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NEWS
April 21, 2002 | TRACY WILKINSON and T. CHRISTIAN MILLER, TIMES STAFF WRITERS
It was 4 a.m. April 3 when the first Israeli soldiers crept into the Jenin refugee camp, the cinder-block houses looming pale and white in the darkness. Steeled to battle what they had been told was a garrison of armed terrorists, the soldiers advanced steadily northward through the camp, a riot of concrete buildings and narrow alleys sprawled over a gently sloping hillside.
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NEWS
April 21, 2002 | MARY CURTIUS, TIMES STAFF WRITER
Israel pulled its forces out of the West Bank city of Nablus and parts of Ramallah on Saturday night, and officials said they will cooperate with a United Nations probe into the army's devastating attack on the Jenin refugee camp. The Israeli moves, however, did not include ending the siege of Palestinian Authority President Yasser Arafat's compound in Ramallah. They came as President Bush was meeting at Camp David with members of his national security team, including Secretary of State Colin L.
NEWS
April 21, 2002 | MEGAN GARVEY and BOB DROGIN, TIMES STAFF WRITERS
Myriad protest causes developed into a massive and peaceful show of support for the Palestinian people Saturday, as tens of thousands of demonstrators jammed Washington's downtown streets to criticize the Bush administration's Middle East policy. Scores of Palestinian flags waved above the crowd, and many marchers--representing a range of races, religions and ages--wore stickers proclaiming: "We are all Palestinians."
NEWS
April 21, 2002 | ROBIN WRIGHT, TIMES STAFF WRITER
President Bush huddled with his top security advisors at Camp David on Saturday to thrash out what to do about the Mideast maelstrom amid a growing perception that the crisis now boils down to the very existence of Israel alongside a Palestinian state--and finding one last formula to make that work. The summit in the tranquillity of the Maryland woods--attended by Secretary of State Colin L. Powell, CIA Director George J.
NEWS
April 20, 2002 | DAVID LAMB, TIMES STAFF WRITER
Twenty years ago, Israel set out to rearrange the geopolitical balance in the region by invading Lebanon. The result--for Israel, the Palestinians, the United States and the peace process--was a catastrophe whose lessons should not be forgotten by either the warriors or the peacemakers in the current West Bank conflict. The circumstances of the two military adventures are eerily similar. So is the cast of characters, as well as the high stakes involved for Washington.
NEWS
April 20, 2002 | T. CHRISTIAN MILLER and MARY CURTIUS, TIMES STAFF WRITERS
Israeli troops finished their withdrawal from this West Bank town Friday, but encircled it with tanks, snipers and roadblocks as Palestinian residents continued digging through the rubble of an adjacent refugee camp for corpses. The Israeli army said it had completed its operations in the town and the camp, scenes of the bloodiest fighting in Israel's massive, three-week military sweep through Palestinian areas. No Israeli army forces could be seen in the streets Friday.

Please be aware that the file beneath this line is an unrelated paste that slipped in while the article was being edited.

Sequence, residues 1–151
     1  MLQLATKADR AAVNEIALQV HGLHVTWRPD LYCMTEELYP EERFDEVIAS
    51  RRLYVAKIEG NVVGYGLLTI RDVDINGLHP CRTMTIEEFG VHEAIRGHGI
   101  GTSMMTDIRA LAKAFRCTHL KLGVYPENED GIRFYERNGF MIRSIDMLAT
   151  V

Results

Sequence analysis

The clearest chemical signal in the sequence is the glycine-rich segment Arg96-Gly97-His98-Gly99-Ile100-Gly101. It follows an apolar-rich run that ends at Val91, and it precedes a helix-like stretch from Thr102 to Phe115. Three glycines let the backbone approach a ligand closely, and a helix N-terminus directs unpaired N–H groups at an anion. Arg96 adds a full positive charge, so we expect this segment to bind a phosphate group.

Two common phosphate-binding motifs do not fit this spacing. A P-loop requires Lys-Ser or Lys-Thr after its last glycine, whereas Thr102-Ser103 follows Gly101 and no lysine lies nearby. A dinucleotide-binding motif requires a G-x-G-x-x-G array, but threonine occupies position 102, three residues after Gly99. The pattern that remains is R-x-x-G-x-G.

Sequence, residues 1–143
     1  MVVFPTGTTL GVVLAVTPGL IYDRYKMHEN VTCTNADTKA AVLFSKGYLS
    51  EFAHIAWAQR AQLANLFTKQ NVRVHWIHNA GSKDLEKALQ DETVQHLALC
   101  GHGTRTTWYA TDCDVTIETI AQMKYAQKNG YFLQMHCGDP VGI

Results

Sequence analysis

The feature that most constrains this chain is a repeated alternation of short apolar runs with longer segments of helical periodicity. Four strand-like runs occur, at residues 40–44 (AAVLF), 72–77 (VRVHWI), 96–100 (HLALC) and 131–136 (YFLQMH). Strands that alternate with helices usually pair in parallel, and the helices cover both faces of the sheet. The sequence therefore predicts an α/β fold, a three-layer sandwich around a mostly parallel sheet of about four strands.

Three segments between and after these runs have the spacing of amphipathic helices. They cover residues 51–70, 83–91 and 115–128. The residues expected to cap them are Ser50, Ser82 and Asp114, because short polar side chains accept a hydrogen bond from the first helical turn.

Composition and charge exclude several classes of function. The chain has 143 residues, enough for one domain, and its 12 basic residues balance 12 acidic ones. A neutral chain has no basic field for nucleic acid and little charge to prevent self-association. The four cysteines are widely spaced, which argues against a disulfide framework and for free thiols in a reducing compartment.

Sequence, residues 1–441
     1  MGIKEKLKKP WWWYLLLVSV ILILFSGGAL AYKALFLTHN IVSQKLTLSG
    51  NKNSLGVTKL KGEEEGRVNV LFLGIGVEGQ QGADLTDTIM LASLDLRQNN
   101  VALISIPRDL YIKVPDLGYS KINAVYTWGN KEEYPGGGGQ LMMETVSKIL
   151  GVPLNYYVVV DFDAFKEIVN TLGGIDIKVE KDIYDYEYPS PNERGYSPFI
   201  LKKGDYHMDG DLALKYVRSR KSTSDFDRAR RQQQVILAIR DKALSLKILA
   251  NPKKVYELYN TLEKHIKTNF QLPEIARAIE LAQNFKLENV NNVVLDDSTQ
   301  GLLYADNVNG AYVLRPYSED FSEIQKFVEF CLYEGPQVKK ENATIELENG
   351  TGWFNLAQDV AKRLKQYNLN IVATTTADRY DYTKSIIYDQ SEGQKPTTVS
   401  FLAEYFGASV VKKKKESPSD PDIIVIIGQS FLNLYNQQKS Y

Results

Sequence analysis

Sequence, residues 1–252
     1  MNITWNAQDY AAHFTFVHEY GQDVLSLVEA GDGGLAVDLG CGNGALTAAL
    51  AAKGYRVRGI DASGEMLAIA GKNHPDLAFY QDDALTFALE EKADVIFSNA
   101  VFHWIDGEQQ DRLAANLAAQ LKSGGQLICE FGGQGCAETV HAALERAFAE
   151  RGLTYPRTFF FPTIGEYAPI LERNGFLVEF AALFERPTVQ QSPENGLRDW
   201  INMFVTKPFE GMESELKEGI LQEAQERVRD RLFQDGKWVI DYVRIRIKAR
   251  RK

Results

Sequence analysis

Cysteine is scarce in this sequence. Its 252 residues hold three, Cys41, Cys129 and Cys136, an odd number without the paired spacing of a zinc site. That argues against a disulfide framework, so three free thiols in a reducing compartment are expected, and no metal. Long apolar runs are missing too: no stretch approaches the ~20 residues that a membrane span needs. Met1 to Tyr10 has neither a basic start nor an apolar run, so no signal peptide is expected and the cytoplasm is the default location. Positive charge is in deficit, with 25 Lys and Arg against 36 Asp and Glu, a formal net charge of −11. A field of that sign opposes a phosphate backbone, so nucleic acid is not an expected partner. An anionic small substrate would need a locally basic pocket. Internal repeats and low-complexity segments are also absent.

NEWS
April 14, 2002 | ROBIN WRIGHT, TIMES STAFF WRITER
After weeks of resisting U.S. requests, Yasser Arafat on Saturday condemned all violence and terrorism carried out against civilians, leading Secretary of State Colin L. Powell to reschedule his meeting with the Palestinian Authority president for today at his besieged headquarters in the West Bank.
NEWS
April 14, 2002 | T. CHRISTIAN MILLER, TIMES STAFF WRITER
Razor wire curls around the nectarine and almond trees flowering in this tiny farming community a few yards from Israel's border with Lebanon. Farmers are buying guns. The children spend afternoons in bomb shelters. Bullet holes pockmark the local military base. And many families are thinking of leaving. "People are terrified now," said Haim Briton, 32, who heard shots whiz by his head last week as he tended his fruit trees growing along the border fence.
NEWS
April 14, 2002 | From Associated Press
The statement issued Saturday by Palestinian Authority President Yasser Arafat on the WAFA news agency, translated from Arabic: The Palestinian leadership and his excellency, President Arafat, express their deep condemnation for all terrorist activities, whether it is state terrorism, terrorism by a group or individual terrorism. This position comes from our steady principle that rejects using violence and terror against civilians as a way to achieve political goals.
NEWS
April 14, 2002 | DOYLE McMANUS, TIMES STAFF WRITER
In December 1998, shortly before he decided to run for president, then-Gov. George W. Bush made a three-day visit to Israel and came home with two indelible memories. One was of standing on the hill in the Galilee where Jesus preached the Sermon on the Mount, and reciting the words to "Amazing Grace." The other was of a helicopter tour over Israel's narrow 1967 boundaries and the occupied West Bank--a tour conducted personally by then-Foreign Minister Ariel Sharon.
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